Human beings over the age of forty can now stop blaming themselves for losing focus and forgetting things; evidently, it’s really these people’s jobs that are to blame for their declines. A study by the Melbourne Institute of Applied Economic and Social Research indicates that although working around thirty 30 hours each week benefits the cognitive functions of individuals over the age of forty, working in excess of this amount of time causes performance to decline significantly. What’s more, people who worked approximately fifty-five hours per week experienced the most substantial decline in cognitive function (more than individuals without jobs and individuals who are retired).
More specifically, the study included 3500 female and 3000 male participants who were forty years of age or older; the participants performed cognitive function tests while their performances were observed. A test known as the Household Income and Labour Dynamics in Australia survey was utilized to gauge how well they read words aloud, how well they matched letters and numbers, and how well they could recall lists of numbers. Professor Colin McKenzie of the University of Melbourne devised the tests, and he has said that ‘knowing’ and ‘thinking’ were his focuses; reading tests were the knowing element, and thinking tests were the memory, executive, and abstract reasoning elements.
Brain puzzles like crosswords and Sudoku have been proven to preserve brain capacity in older individuals, but over-stimulation has been proven to negatively impact brain capacity. Professor McKenzie has told The Times in Britain that several countries intend to raise the age of retirement, which would force people to work longer in life; so, depending on how many hours older individuals are required to work in order to sustain a living, they could experience enhanced brain activity or diminished brain activity.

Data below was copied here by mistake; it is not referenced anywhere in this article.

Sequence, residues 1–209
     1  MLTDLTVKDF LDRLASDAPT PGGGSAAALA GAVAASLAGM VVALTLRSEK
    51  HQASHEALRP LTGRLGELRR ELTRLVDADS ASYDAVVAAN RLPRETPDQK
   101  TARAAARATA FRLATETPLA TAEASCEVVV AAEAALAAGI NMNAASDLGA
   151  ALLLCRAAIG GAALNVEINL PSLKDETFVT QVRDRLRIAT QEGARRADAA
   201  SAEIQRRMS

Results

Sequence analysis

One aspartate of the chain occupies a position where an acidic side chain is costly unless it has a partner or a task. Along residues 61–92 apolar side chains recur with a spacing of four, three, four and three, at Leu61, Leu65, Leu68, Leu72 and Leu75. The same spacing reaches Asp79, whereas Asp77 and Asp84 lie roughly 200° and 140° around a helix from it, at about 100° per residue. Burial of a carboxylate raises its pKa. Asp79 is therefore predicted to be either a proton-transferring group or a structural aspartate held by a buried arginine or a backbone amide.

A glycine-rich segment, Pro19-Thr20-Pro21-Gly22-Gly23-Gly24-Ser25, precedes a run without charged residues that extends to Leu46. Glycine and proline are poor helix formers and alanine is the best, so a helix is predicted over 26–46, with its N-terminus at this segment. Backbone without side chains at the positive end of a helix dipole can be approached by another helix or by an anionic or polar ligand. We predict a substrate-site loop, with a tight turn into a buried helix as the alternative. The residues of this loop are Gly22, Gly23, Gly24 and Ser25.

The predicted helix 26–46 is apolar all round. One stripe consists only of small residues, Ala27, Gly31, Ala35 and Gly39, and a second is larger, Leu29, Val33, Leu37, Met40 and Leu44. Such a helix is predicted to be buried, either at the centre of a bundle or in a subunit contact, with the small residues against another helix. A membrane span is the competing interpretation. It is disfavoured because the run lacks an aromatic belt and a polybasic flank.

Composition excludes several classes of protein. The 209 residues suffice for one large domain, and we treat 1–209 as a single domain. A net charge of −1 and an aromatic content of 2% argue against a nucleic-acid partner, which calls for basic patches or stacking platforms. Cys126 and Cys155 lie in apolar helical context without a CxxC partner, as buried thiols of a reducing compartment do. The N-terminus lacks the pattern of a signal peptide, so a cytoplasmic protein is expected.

Furthermore, McKenzie argues that part-time work would likely be most beneficial for preserving brain function in human beings who are over the age of forty. Yet, the Hilda test does not reveal how the kind of work impacts the effects of the work, as Professor McKenzie alludes to: “It’s very difficult to identify the causal effects of the type of work on cognitive functions. People may be selected into certain occupations according to their cognitive abilities.”
As more and more human beings are forced to work for more and more years moving forward, the impact on the health of the population as a whole will need to be closely monitored; it will become imperative to maximize rest during vacations and holidays, and to spend spare time in general in positive, productive, and healthy ways. Yet, Professor McKenzie points out that, “Working full time—over 40 hours a week—is still better than no work in terms of maintaining cognitive function, but it is not maximizing the potential effects of work.” As more governments plan to require citizens to work longer in life (until the age of sixty-seven in some cases!), all human beings will genuinely need to be capable of living in a brave new world.
*This content was inspired by an amazing article that can be found here.